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SWEEP: Vietnamese fellows settle in for Social Work Academy in March

March 5th, 2015 by Melissa Anderson

The College of Applied Sciences and Arts at San José State University is hosting its second Social Work Education Enhancement Project Fellows Academy, with eight Vietnamese professors visiting for three weeks in March to learn skills they will be able to bring home to their own universities in Vietnam. The 2015 fellows arrived in San José on March 1 and have been involved in lectures and workshops all week. The Fellows Academy is March 2-20.

Many SJSU social work faculty are involved in sharing knowledge about how to teach social work for the fellows, but other departments at SJSU are also providing support including the School of Information, the Center for Faculty Development, the SJSU Global Leadership Advancement Center, Academic Technology, and the University Library. The fellows will also have a chance to visit social service agencies in the Bay Area to see what types of services are provided in the United States as the field of Social Work is relatively new in Vietnam, established 10 years ago.

Interim Dean Alice Hines is the director of SWEEP, while Social Work Professor Ed Cohen serves as a co-director. SWEEP is an international consortium which includes USAID, SJSU, eight universities in Vietnam, government ministries, Cisco Systems, Inc., and community agencies and stakeholders. The purpose of SWEEP is to assist eight universities in Vietnam with improving their undergraduate social work educational programs. The project, which is funded through September, 2015, aims to improve:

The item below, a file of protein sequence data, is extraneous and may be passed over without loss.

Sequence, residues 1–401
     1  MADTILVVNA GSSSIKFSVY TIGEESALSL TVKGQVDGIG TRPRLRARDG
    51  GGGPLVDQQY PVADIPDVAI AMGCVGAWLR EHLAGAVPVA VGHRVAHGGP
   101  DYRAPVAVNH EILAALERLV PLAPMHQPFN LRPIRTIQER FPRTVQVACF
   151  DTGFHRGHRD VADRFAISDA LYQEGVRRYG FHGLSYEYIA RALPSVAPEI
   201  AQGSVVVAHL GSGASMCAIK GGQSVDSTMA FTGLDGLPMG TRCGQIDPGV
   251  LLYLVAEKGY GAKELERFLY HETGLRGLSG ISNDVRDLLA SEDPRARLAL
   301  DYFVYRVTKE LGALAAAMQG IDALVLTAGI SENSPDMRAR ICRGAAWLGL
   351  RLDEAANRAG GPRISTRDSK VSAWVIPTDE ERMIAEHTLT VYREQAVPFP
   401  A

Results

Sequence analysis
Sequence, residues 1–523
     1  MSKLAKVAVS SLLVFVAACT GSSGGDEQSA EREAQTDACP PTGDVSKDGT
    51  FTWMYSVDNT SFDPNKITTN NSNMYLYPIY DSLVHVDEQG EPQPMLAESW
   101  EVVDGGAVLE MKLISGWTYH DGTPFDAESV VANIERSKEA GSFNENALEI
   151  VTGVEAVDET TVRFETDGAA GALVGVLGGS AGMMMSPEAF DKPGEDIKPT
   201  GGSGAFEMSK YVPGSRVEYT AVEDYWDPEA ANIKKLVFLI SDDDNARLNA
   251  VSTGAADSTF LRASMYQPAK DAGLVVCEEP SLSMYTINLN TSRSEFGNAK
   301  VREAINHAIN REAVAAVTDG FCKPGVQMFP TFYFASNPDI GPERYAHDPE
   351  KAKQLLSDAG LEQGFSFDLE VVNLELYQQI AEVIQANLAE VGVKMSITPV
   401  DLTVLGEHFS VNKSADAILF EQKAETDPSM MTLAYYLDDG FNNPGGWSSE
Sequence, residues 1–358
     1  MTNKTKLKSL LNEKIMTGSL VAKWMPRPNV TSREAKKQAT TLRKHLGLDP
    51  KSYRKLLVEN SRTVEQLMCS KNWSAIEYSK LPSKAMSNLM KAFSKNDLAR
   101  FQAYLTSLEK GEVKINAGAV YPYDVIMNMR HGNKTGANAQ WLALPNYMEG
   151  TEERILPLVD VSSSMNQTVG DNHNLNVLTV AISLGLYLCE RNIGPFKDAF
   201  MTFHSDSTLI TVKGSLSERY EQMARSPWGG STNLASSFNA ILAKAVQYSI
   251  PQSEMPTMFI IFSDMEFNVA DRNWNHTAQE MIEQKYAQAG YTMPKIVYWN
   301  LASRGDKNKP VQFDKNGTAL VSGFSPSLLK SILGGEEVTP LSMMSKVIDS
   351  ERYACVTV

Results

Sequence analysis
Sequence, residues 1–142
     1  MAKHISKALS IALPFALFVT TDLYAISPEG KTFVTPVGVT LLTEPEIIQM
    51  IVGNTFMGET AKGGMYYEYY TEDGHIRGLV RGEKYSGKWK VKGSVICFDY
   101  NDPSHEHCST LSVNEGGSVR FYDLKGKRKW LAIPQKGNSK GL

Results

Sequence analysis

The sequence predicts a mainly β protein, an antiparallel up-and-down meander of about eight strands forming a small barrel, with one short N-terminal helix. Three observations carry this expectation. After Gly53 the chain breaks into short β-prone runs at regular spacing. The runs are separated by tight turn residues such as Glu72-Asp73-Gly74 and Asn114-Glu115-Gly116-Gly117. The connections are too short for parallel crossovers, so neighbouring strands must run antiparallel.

• The administration of social work programs
  • Faculty capabilities in teaching and research
  • Social work curriculum, and
  • Network communication among the universities through the use of improved technology

Spartan Daily receives Best of Show, other honors from collegiate press associations

March 3rd, 2015 by Melissa Anderson

San José State University’s student-run newspaper, the Spartan Daily, received more than a dozen statewide awards as well as national accolades from two collegiate journalism organizations in February.Daily header

At the California College Media Association awards banquet at the Sheraton Universal in Los Angeles Feb. 28, the College of Applied Sciences and Arts School of Journalism and Mass Communication’s newspaper program took home 16 awards. In 2014, they earned nine awards, making the 2015 haul a record.

The local campus paper competed against 44 student publications in the state, according to Prof. Richard Craig, including a third place finish in the Best Daily Newspaper category.

Sixteen different students won or shared awards, and three honors were awarded to the full Daily staff, according to Craig. Jonathan Marinaro won three awards, including second place honors for Best Newspaper Page/Design Spread and Best Headline Portfolio, and a shared third place award for Best Overall Newspaper Design. Rafael Ochoa took home three awards, including third place for Best Black and White Advertisement and Best Group Promotion, as well as an Honorable Mention for Best Online Promotion.

Sol Granados shared a first-place award with Brandon Chew for Best Photo Series, for their coverage of the Oakland riots after the Ferguson court decision, and Granados also took a third place honor for Best News Photo. Jerica Lowman won for Best Newspaper Column and shared the award for Best Overall Newspaper Design. Philip Beadle also took home two awards, one as part of a team (along with Jasmine Leyva and Sarah Kenoyer) that took third place for Best News Series, and also shared the award for Best Overall Newspaper Design.